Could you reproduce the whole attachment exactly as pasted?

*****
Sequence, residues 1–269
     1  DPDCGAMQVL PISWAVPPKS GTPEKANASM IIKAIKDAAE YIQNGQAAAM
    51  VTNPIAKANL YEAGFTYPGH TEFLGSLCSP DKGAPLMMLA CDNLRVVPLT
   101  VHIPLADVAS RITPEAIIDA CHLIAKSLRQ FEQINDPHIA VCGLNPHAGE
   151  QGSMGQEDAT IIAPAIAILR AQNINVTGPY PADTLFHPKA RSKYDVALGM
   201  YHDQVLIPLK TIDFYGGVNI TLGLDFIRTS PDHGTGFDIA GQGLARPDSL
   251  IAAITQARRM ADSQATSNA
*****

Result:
Sequence, residues 1–269
     1  DPDCGAMQVL PISWAVPPKS GTPEKANASM IIKAIKDAAE YIQNGQAAAM
    51  VTNPIAKANL YEAGFTYPGH TEFLGSLCSP DKGAPLMMLA CDNLRVVPLT
   101  VHIPLADVAS RITPEAIIDA CHLIAKSLRQ FEQINDPHIA VCGLNPHAGE
   151  QGSMGQEDAT IIAPAIAILR AQNINVTGPY PADTLFHPKA RSKYDVALGM
   201  YHDQVLIPLK TIDFYGGVNI TLGLDFIRTS PDHGTGFDIA GQGLARPDSL
   251  IAAITQARRM ADSQATSNA